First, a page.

Page:The works of Horace - Christopher Smart.djvu/222

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by blind chance; he will make no more of it, than if he should set about raving by right reason and rule.” What — when, picking the pippins from the Picenian apples, you rejoice if haply you have hit the vaulted roof; are you yourself? What — when you strike out faltering accents from your antiquated palate, how much wiser are you than [a child] that builds little houses? To the folly [of love] add bloodshed, and stir the fire with a sword. I ask you, when Marius lately, after he had stabbed Hellas, threw himself down a precipice, was he raving mad? Or will you absolve the man from the imputation of a disturbed mind, and condemn him for the crime, according to your custom, imposing, on things named that have an affinity in signification?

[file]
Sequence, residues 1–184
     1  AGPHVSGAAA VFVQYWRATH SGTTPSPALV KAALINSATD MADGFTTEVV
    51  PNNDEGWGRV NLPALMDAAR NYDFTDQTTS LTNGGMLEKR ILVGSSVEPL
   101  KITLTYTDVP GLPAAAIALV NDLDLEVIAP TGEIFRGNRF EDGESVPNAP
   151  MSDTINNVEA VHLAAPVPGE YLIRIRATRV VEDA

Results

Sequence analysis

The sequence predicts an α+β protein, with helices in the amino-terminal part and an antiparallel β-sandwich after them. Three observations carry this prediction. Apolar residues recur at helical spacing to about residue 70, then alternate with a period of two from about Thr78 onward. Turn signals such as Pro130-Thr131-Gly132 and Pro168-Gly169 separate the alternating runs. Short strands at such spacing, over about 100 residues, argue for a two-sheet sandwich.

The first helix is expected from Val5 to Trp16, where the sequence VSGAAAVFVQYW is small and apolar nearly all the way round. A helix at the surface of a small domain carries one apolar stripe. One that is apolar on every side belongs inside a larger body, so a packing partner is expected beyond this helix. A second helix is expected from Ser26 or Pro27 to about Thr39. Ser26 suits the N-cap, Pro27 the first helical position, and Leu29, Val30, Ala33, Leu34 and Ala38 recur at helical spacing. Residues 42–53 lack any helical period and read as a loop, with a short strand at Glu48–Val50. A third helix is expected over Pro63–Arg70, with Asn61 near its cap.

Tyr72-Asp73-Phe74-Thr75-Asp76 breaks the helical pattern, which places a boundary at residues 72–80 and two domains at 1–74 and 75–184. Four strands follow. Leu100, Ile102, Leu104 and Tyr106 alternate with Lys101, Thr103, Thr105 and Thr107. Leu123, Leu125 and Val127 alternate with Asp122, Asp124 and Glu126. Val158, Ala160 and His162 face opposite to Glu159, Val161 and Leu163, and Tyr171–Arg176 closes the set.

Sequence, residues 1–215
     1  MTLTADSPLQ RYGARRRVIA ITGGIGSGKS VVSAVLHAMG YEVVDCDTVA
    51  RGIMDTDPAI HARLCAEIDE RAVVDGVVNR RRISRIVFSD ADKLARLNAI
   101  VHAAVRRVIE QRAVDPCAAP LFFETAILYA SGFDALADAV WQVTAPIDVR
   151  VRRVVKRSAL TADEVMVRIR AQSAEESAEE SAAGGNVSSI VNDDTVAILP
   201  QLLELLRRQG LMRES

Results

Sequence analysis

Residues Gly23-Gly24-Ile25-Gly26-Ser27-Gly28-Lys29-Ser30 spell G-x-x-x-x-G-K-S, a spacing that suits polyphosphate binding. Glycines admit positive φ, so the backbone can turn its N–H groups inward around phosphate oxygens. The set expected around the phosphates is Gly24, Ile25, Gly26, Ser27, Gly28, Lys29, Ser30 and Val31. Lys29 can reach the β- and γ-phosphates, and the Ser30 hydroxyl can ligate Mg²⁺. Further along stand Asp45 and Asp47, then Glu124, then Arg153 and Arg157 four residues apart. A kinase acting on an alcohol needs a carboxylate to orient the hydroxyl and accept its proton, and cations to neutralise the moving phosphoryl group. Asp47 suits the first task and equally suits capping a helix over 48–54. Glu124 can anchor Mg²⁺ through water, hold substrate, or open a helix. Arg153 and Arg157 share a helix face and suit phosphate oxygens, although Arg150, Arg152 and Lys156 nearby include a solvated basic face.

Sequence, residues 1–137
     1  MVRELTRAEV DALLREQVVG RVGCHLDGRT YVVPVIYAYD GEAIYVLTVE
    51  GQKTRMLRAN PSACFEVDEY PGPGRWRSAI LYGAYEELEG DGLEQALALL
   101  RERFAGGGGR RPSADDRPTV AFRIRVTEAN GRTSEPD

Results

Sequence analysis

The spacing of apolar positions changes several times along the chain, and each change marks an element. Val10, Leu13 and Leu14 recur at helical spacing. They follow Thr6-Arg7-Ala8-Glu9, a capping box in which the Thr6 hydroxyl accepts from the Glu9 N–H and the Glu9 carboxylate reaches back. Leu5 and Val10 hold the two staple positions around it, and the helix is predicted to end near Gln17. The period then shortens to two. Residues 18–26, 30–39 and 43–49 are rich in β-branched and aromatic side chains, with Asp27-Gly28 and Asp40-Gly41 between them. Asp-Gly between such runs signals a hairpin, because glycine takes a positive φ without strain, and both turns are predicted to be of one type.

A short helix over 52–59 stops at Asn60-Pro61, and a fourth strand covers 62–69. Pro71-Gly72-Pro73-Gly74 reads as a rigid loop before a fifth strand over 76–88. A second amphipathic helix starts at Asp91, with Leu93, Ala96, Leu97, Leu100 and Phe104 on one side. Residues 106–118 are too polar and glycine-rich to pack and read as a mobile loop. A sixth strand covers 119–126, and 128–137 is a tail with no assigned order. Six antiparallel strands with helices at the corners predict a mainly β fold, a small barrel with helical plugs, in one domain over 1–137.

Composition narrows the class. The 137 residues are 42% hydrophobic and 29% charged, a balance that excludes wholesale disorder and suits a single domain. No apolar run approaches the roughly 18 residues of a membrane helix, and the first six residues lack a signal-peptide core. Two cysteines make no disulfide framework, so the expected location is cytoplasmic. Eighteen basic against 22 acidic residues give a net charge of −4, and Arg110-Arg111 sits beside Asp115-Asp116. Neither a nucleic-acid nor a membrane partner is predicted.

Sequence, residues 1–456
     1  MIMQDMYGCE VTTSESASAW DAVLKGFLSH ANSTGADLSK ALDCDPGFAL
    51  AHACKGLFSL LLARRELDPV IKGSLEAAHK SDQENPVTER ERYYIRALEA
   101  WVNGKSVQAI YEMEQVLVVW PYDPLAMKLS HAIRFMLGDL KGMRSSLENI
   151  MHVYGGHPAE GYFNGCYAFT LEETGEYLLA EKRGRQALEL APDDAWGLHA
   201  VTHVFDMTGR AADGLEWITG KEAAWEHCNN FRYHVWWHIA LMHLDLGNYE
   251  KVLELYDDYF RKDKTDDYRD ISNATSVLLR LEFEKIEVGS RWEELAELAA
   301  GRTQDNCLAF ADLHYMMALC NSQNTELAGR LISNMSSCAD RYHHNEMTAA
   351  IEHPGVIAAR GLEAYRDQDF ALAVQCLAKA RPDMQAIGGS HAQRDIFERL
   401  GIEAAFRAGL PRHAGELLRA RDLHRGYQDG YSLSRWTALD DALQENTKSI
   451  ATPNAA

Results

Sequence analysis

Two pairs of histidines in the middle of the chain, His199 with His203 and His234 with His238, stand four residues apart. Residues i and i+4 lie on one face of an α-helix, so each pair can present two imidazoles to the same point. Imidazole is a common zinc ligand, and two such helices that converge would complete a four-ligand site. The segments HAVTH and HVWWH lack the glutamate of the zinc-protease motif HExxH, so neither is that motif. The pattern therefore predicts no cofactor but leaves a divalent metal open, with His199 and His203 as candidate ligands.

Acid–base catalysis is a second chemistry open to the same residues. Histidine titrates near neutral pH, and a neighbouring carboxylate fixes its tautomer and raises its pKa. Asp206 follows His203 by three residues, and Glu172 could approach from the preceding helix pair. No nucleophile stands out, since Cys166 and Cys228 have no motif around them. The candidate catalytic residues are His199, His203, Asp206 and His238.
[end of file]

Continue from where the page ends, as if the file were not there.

There was a certain freedman, who, an old man, ran about the streets in a morning fasting, with his hands washed, and prayed thus: “Snatch me alone from death” (adding some solemn vow), “me alone, for it is an easy matter for the gods:” this man was sound in both his ears and eyes; but his master, when he sold him, would except his understanding, unless he were fond of law-suits. This crowd too Chrysippus places in the fruitful family of Menenius.

O Jupiter, who givest and takest away great afflictions, (cries the mother of a boy, now lying sick abed for five months), if this cold quartan ague should leave the child, in the morning of that day on which you enjoy a fast, he shall stand naked in the Tiber. Should chance or the physician relieve the patient from his imminent danger, the infatuated